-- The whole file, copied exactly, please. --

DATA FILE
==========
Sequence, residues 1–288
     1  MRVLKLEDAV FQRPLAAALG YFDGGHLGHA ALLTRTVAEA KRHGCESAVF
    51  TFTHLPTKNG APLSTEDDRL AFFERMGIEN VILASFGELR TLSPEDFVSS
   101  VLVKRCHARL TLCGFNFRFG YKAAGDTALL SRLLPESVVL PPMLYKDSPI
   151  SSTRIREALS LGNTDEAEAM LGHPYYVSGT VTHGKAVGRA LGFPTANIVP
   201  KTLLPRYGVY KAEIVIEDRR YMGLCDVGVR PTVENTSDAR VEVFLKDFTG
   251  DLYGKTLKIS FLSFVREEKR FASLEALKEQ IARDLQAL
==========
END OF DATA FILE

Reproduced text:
Sequence, residues 1–288
     1  MRVLKLEDAV FQRPLAAALG YFDGGHLGHA ALLTRTVAEA KRHGCESAVF
    51  TFTHLPTKNG APLSTEDDRL AFFERMGIEN VILASFGELR TLSPEDFVSS
   101  VLVKRCHARL TLCGFNFRFG YKAAGDTALL SRLLPESVVL PPMLYKDSPI
   151  SSTRIREALS LGNTDEAEAM LGHPYYVSGT VTHGKAVGRA LGFPTANIVP
   201  KTLLPRYGVY KAEIVIEDRR YMGLCDVGVR PTVENTSDAR VEVFLKDFTG
   251  DLYGKTLKIS FLSFVREEKR FASLEALKEQ IARDLQAL